On October 18, 2021 members of the African American Heritage Society of Rutherford County, Rutherford County Archeological Society, Oaklands Mansion and other community members witnessed the radar scanning of Evergreen Cemetery Section M performed by Middle Tennessee State University Geoscience Department students under the direction of Dr. Joe Collins. The results will indicate the location of unmarked graves including individuals believed to have been enslaved by the Maney family of the Oaklands Planation.
WATCH: What lies beneath? Group searching for graves of enslaved from Oaklands Plantation Radar from MTSU is used to create a map of Evergreen Cemetery, Section M, where enslaved are likely buried in unmarked graves.
‘Oaklands Mansion and MTSU search for evidence of the enslaved in Murfreesboro’
by Nancy DeGennaro, Murfreesboro Daily News Journal
Mary Ellen Vaughan
Closer to the street, in a grave which is not unmarked, is buried Mary Ellen Vaughan, a Tuskegee Institute graduate. Ms. Vaughan was one of the first African-American public health nurses; founder of the Murfreesboro Monitor, the first newspaper for African-Americans in this area, founder of Vaughan’s Training School on South Highland and is buried along with her uncle.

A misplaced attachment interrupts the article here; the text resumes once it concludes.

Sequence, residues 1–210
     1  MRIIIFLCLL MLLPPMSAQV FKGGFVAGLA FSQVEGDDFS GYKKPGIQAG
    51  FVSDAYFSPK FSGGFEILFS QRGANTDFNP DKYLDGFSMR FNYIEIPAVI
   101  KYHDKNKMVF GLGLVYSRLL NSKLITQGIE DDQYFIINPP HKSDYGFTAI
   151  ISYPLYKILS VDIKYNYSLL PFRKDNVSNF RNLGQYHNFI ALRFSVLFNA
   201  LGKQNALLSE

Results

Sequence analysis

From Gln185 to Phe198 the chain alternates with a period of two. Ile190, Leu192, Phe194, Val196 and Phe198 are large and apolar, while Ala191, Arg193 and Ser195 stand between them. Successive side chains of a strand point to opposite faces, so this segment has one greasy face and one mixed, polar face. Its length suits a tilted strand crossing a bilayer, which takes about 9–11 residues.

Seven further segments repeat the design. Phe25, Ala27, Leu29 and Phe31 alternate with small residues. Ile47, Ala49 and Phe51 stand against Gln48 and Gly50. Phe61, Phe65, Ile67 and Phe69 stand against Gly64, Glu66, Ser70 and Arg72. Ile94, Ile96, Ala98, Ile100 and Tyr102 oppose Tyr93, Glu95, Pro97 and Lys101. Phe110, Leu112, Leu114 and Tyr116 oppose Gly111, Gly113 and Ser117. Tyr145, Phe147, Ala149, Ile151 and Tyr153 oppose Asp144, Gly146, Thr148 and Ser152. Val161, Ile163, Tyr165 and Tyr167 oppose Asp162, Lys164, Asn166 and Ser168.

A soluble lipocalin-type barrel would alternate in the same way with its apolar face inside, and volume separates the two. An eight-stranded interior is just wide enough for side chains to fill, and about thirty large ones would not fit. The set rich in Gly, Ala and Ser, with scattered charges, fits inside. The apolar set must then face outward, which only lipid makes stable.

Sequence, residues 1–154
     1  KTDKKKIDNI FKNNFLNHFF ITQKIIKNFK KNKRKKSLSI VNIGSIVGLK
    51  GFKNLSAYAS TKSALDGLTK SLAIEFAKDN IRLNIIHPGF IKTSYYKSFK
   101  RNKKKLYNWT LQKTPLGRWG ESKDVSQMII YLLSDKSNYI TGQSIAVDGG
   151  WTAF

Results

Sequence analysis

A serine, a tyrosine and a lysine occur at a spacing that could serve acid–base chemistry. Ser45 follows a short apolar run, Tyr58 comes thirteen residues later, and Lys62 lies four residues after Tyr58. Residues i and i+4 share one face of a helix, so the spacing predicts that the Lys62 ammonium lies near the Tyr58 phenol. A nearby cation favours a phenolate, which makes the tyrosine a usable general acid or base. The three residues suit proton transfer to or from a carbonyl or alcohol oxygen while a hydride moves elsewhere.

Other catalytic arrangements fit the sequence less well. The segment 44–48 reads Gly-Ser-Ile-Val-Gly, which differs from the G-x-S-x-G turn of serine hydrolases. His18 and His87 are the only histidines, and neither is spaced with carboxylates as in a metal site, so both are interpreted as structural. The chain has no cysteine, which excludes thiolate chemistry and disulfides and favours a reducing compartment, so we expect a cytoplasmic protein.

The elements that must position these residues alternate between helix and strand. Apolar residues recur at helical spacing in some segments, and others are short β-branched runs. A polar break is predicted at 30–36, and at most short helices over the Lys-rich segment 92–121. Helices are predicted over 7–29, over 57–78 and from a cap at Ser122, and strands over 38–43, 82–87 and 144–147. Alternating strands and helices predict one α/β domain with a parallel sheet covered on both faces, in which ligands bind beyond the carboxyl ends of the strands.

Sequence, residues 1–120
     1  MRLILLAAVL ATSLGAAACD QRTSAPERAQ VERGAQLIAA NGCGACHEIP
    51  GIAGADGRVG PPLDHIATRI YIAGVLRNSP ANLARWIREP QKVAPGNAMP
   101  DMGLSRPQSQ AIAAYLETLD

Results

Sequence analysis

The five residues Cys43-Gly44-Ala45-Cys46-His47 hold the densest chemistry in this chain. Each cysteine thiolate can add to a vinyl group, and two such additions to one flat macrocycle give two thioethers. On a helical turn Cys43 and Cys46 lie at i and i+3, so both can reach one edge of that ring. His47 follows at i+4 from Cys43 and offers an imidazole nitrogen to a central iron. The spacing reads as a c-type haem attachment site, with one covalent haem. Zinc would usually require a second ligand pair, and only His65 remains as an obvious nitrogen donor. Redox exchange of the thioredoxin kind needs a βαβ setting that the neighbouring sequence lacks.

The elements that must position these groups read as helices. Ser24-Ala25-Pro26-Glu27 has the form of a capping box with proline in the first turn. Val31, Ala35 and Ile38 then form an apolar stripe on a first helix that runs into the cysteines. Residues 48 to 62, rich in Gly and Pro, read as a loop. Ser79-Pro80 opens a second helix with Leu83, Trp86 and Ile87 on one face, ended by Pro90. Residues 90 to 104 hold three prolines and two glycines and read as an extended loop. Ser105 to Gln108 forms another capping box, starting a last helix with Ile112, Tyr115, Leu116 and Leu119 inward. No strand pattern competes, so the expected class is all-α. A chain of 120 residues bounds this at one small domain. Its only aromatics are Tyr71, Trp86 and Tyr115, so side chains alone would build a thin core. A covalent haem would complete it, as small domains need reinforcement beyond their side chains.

Mary Ellen Vaughn was an entrepreneur and skilled nurse who used her talents to promote the interests of Murfreesboro’s African American community in the first half of the 20th century.
Vaughn’s extensive education included Tuskegee Institute, Chicago Business College and Tennessee A&I State College. She established the African American newspaper Murfreesboro Union in 1920 and Vaughn’s Training School in 1933. During the 1920s, she worked as a nurse in the Commonwealth Fund’s nationally significant effort to improve rural public health in Rutherford County. Her school provided home health-care instruction and adult education, and served as a clearinghouse for civil rights information and activism. Murfreesboro’s Vaughn Street continues to honor her memory.”
– extracted from The Post by Mike Pirtle published March 15, 2009 on the Murfreesboro Post website.
VAUGHN’S TRAINING SCHOOL BLACK 1933-1951 was located in the home of Mary Ellen Vaughn on the east side of South Highland Street in Murfreesboro. The site is now the intersection of Vaughn Street and South Highland Ave.
Mary Ellen Vaughn, a graduate of Tuskegee College in Alabama and the holder of a bachelor’s degree 1931 and a master’s degree 1950 from Tennessee A&I College in Nashville, was the founder and teacher. Mrs. Sadie Jones taught singing and piano; Mrs. Martha Kimbro, sewing.